What Happened: The American lingerie titan has shuttered its flagship store on Beijing‘s bustling Wangfujing Street. As the country emerges from the pandemic and amid high-profile closures, the brand declared it’s adjusting its physical retail channels in China.
Victoria’s Secret will continue to focus on China’s top-tier cities while accelerating its expansion into second and third-tier cities, as well as airport channels.
The moves prompt the question of whether the lingerie giant can make serious inroads into China’s lucrative lingerie, sleepwear, and underwear market, especially as its sales in the US have declined in this year.
The Jing Take: Many Western brands have charged in to pursue the Chinese market’s vast potential, but have mis-invested or neglected to sufficiently localize, leading to the closures of prime location flagships.
Despite years of effort, Victoria’s Secret looks to be experiencing similar setbacks.
In 2017, the brand entered China by presenting its iconic annual runway show at Shanghai’s Mercedes-Benz stadium, its first such event outside Europe or the US.
Despite significant investment and the establishment of expansive stores in Shanghai’s Xintiandi and Beijing’s Wangfujing districts — the latter becoming a global flagship — sales performance was until recently lackluster.
Chinese celebrities Yang Mi and Zhou Dongyu were enlisted as brand ambassadors in 2020.
And in a bid to bolster its China strategy, Victoria’s Secret last year formed a joint venture with Hong Kong-based lingerie manufacturer Regina Miracle International Ltd. The partnership manages all Victoria’s Secret’s offline and online stores in China, with the brand retaining a controlling stake of 51 percent. The deal cost the manufacturer a reported $45 million.
The tie-up provides Victoria’s Secret with a valuable local lens to understand the unique landscape of China’s lingerie market and devise a plan to geographically diversify its retail presence with a series of smaller stores, with a reported goal of opening 100 new boutiques by 2025.
“We believe our business is underpenetrated internationally and double-digit sales and profit growth is a realistic opportunity, both in the near-term and over a long-term time horizon,” Victoria’s Secret CEO, Martin Waters, said in a statement last year.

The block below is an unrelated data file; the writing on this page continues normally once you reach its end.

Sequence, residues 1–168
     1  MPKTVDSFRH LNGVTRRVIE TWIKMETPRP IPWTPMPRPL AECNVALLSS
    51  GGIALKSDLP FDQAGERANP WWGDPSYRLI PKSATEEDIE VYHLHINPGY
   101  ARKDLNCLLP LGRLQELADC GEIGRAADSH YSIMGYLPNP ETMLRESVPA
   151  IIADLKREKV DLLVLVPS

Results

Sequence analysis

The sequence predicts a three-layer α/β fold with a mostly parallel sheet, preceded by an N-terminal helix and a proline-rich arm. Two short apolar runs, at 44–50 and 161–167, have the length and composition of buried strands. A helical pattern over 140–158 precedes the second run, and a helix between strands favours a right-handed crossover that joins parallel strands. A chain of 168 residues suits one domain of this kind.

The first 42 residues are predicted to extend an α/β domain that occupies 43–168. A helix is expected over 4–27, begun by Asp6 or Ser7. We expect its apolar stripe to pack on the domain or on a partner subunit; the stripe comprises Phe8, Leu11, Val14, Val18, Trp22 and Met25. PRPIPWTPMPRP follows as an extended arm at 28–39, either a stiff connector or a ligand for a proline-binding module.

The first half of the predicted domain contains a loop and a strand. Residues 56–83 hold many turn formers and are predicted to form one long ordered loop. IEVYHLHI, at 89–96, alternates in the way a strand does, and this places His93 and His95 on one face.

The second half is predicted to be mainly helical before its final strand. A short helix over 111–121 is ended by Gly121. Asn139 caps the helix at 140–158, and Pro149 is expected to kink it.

The strategic shift seems to be yielding positive results. Despite a 5 percent year-on-year decrease in net sales to $1.4 billion in Q1 2023 due to sluggish demand in North America, international sales grew healthily at 18.7 percent, with China contributing significantly to this increase. During this year’s Tmall 618 shopping festival, the brand recorded 216 percent YoY sales growth, raking in over 32 million RMB ($4.5 million) within the first four hours of pre-sales.
Victoria’s Secret’s recent localization efforts in China are bearing fruit. It’s focusing on catering to the diverse needs of Chinese female consumers, driving both e-commerce channels and physical stores, product R&D, technological upgrades, and operational innovations.
Despite these positive strides, the brand faces intense competition from local labels such as Neiwai, Ubras, and Bananain, which marry deep local market knowledge with rapid growth.
Thus, Victoria’s Secret still has considerable ground to cover before it can comfortably establish a firm and sustainable foothold in the Chinese market.
The Jing Take reports on a piece of the leading news and presents our editorial team’s analysis of the key implications for the luxury industry. In the recurring column, we analyze everything from product drops and mergers to heated debate sprouting on Chinese social media.